WHO WE ARE
With more than a half-century of experience helping people manage their money between them, Jerry Tweddell, Steve Goldberg and Diana Archibald have the experience to guide you towards reaching your personal financial goals.
Jerry is located in Sonora, California, near Yosemite National Park. Steve and Diana are just outside Washington, D.C., in Silver Spring and Kensington, Maryland, respectively. Steve and Jerry got acquainted during Steve's tenure at Kiplinger’s as writer and editor: Jerry proved to be Steve's most knowledgeable source on funds and investing. In 2006, after years of staying in touch, Steve joined Jerry’s business. The result is Tweddell Goldberg Investing, with over 100 clients and assets totaling well over $100 million. Diana, a CPA and former corporate tax manager with KPMG, one of the largest global accounting firms, joined the firm in late 2018.
Steve, Jerry and Diana enjoy talking with readers, clients, potential clients, and anyone else interested in funds and investing. They invite calls and e-mails.
I am committed to providing investment management because of its direct impact on people’s lives. After a career as a CPA, working as a corporate tax manager at KPMG, one of the largest global accounting firms, followed by years of rearing my son, as well as volunteer work, I wanted to redirect my energy and skills toward helping individuals on a personal basis.
I believe constructing a plan that allows you to achieve your goals in a realistic manner while still maintaining a comfortable life style is critical to success. I implement a goal-based financial plan that takes into account your risk tolerance and uses state of the art software that greatly increases the probability of a successful outcome. Importantly, at the same time, it provides peace of mind.
Combining my experience and knowledge gleaned from years working as a CPA with the years of hands on investment experience of the two principals of the firm provides a compelling opportunity for clients to achieve prosperity.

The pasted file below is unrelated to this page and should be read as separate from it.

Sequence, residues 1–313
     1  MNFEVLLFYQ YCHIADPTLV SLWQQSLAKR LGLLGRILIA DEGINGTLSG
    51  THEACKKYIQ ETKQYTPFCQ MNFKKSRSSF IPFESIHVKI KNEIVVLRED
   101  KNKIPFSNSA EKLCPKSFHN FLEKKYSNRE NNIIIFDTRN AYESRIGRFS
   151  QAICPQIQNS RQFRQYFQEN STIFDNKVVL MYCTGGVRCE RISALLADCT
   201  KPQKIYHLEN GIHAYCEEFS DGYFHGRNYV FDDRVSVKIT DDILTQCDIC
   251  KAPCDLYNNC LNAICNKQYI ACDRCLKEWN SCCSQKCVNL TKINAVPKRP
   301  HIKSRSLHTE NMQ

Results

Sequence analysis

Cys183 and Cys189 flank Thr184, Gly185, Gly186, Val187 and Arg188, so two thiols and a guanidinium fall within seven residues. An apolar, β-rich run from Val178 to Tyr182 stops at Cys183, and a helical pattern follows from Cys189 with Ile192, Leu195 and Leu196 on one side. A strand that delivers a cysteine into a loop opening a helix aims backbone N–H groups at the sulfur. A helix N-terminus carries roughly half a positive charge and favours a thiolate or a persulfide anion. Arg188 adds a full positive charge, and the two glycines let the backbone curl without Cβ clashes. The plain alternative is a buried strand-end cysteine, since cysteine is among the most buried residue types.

Our firm’s fees, which are meaningfully lower than the industry, are also compelling. Countless academic studies have shown that low fees are one of the most important determinants of a successful investment experience. And unlike so many other aspects of investing, it is one that can be controlled.
Managing people’s money is very different than writing about it. I began managing client portfolios in 2006 after three decades as a journalist, first covering everything from the police beat to presidential campaigns as a newspaper reporter, then covering mutual funds for Kiplinger’s Personal Finance starting in 1994 as a writer and editor, including authoring a book, “But Which Mutual Funds?” I continue to write Kiplinger’s bi-weekly on-line column, "Value Added". My reporting allows me to interview fund managers and a wide range of investment professionals. My reporting informs my investing.
When I was only writing about investing, it was one-dimensional. Other than the letters and phone calls I received, there was no way to know who followed my recommendations or if they had any impact on people’s lives. When I began managing people’s money, it added other dimensions: Working with clients and their goals and emotions; putting recommendations into practice, and the ongoing responsibility to adjust portfolios as markets and clients’ situations change. I get great personal satisfaction from helping my clients reach their financial goals.
When writing about investment returns, they are most often presented as percentages and as relative performance versus widely followed indexes. But it has been rightly said, “You can’t eat relative performance.” And as it should be, gains and losses shown in dollars on account statements are much more important to clients. When statements make disappointing reading, helping clients through the tough times is a crucial part of the job; so is tamping expectations when prices are soaring.
I’m an optimist about the long-term future of the world’s stock markets, but I’m the kind of investor who looks at a cloudless sky and worries whether it will start raining. In 35 years of investing, I’ve become a worrywart, and, at times, even a skeptic. So I build well-diversified, low-cost portfolios that don’t take outsized risks, because for most of my clients, their capital is irreplaceable. I’ve become more patient over the years because I’ve found that most of the time, the less I trade, the better. Even the best investments go through long periods when they underperform—and selling when they’re underwater is more often than not a mistake.